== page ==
Mokuhanga, WTF?

We would like to introduce you to the wonderful world of Mokuhanga!

Here you will learn all about this ancient, eco-friendly printing technique where artistic interpretation and craftsmanship go hand in hand.

Do you want to know why we actually love Mokuhanga and what all our plans are?

Would you like to learn how to make a Japanese woodcut yourself?

Would you like to know who else is enchanted by this technique and where to go for interesting podcasts, books, materials or exhibitions?

In the coming months, we will continue to build our site and take you all the way.

Feel free to book us for a talk, demonstration or workshop!

Have fun exploring!

About mokuhanga

Japanese woodcut or Mokuhanga is a form of printmaking that developed from Chinese woodcut. It took on the distinct character we know today from prints such as Hokusai’s ‘The Wave’ in the mid-17th century.

Each print is the result of a collaboration between the artist/designer, a cutter and a printer. Japanese woodcut is one of the simplest printing techniques: a drawing is cut from a block of wood, then ink is applied to the block using brushes. A paper sheet is then placed on the inked block and a ‘baren’ is rubbed on the back. In this way, the ink is pressed onto the paper. A different wood block is cut for each colour.

Final result of printing the mokuhanga magic mermaid

Mokuhanga, or Japanese woodcut, is a traditional and highly craft embedded form of relief printing. The important thing about Mokuhanga is that no chemicals or solvents are used. No printing press is even needed to print; every part of the process is done manually.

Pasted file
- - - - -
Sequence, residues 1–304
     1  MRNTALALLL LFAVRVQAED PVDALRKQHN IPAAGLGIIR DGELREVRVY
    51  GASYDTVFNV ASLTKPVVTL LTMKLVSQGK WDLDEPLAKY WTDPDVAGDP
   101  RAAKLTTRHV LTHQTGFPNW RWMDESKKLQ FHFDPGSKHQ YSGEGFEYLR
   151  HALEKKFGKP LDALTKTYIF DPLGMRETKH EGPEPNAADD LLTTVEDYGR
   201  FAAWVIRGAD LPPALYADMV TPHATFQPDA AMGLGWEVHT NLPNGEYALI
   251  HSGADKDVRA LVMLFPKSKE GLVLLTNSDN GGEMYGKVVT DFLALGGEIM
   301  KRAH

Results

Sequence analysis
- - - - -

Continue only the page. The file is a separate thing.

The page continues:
Furthermore, the detailed drawing of these woodcuts and the rich, painterly use of colour are particularly striking.

Carving the mokuhanga magic mermaid

About us

Mokuhanga Magic! is a project by Vladimir Ivaneanu and Soetkin Everaert.
We are two artists with a shared passion for the technique of Japanese woodcut.

Soetkin & Vladimir inspecting a print

Vladimir is a printmaking artist specialising in relief printing and Japanese woodcut. He went to Japan in 2007 to learn the tricks of the trade.

Soetkin has a background as a sculptor and draughtsman. She was a student of Vladimir at the Academy of Ghent.

In 2024, Vladimir and Soetkin will travel to Japan together to work with Japanese masters to see how they can better use craftsmanship, evaluate their own practice and reflect on the future.

Master / apprentice

Since January 2023, we have been participating in an master-apprentice program.

This scholarship is awarded by the Flemish community and supports passing on craftsmanship. For two years, Vladimir will pass on his know-how of the technique of woodcutting and printmaking to Soetkin.

Sharkskin and brushes.

We will also explore together the possibilities that Japanese woodcut can offer in the European printmaking landscape as an accessible, innovative and ecological technique. We will both apply that knowledge in our own artistic work. We hope to share our passion and knowledge with as many interested parties as possible and spread the magic of this fantastic technique.

Soetkin using the baren.